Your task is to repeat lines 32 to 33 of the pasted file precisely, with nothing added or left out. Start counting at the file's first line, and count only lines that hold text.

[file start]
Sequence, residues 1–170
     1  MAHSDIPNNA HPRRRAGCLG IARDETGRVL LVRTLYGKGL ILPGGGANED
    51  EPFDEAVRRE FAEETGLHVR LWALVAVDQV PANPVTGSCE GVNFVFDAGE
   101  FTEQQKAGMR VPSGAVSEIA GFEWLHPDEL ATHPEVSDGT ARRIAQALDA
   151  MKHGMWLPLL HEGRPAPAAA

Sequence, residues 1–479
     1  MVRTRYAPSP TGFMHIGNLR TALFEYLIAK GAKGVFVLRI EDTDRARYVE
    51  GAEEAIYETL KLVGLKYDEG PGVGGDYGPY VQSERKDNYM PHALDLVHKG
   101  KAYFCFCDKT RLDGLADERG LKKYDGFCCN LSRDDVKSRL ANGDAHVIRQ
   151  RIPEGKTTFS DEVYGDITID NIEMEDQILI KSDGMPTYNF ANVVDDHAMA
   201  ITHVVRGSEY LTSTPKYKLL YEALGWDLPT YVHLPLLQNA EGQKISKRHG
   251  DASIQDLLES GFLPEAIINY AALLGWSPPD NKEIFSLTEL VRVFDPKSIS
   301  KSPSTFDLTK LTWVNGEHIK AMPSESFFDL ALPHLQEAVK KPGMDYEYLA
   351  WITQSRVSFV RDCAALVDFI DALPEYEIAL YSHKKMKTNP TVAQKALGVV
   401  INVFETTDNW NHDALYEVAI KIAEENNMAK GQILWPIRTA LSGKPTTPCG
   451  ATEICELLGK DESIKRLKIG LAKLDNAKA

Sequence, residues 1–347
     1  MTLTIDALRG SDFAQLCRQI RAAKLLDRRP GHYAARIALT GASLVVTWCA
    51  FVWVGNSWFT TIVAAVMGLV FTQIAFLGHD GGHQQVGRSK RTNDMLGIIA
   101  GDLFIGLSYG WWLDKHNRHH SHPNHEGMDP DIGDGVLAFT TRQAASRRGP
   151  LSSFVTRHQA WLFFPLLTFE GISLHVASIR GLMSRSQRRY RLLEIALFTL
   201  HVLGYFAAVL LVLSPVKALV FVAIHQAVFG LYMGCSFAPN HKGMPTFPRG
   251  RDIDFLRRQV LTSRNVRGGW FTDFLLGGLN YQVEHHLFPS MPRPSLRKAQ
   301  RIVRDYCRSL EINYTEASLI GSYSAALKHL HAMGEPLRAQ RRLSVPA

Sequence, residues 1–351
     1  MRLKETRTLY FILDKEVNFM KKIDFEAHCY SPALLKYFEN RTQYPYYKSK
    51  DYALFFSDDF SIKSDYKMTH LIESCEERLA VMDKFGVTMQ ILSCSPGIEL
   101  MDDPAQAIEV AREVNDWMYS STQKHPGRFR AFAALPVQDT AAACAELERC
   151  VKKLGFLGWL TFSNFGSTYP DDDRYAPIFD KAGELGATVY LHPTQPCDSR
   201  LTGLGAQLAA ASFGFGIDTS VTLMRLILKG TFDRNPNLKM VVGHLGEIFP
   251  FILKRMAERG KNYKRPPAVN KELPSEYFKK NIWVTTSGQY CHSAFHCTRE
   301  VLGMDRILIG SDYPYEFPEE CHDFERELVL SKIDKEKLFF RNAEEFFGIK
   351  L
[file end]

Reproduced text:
   301  VLGMDRILIG SDYPYEFPEE CHDFERELVL SKIDKEKLFF RNAEEFFGIK
   351  L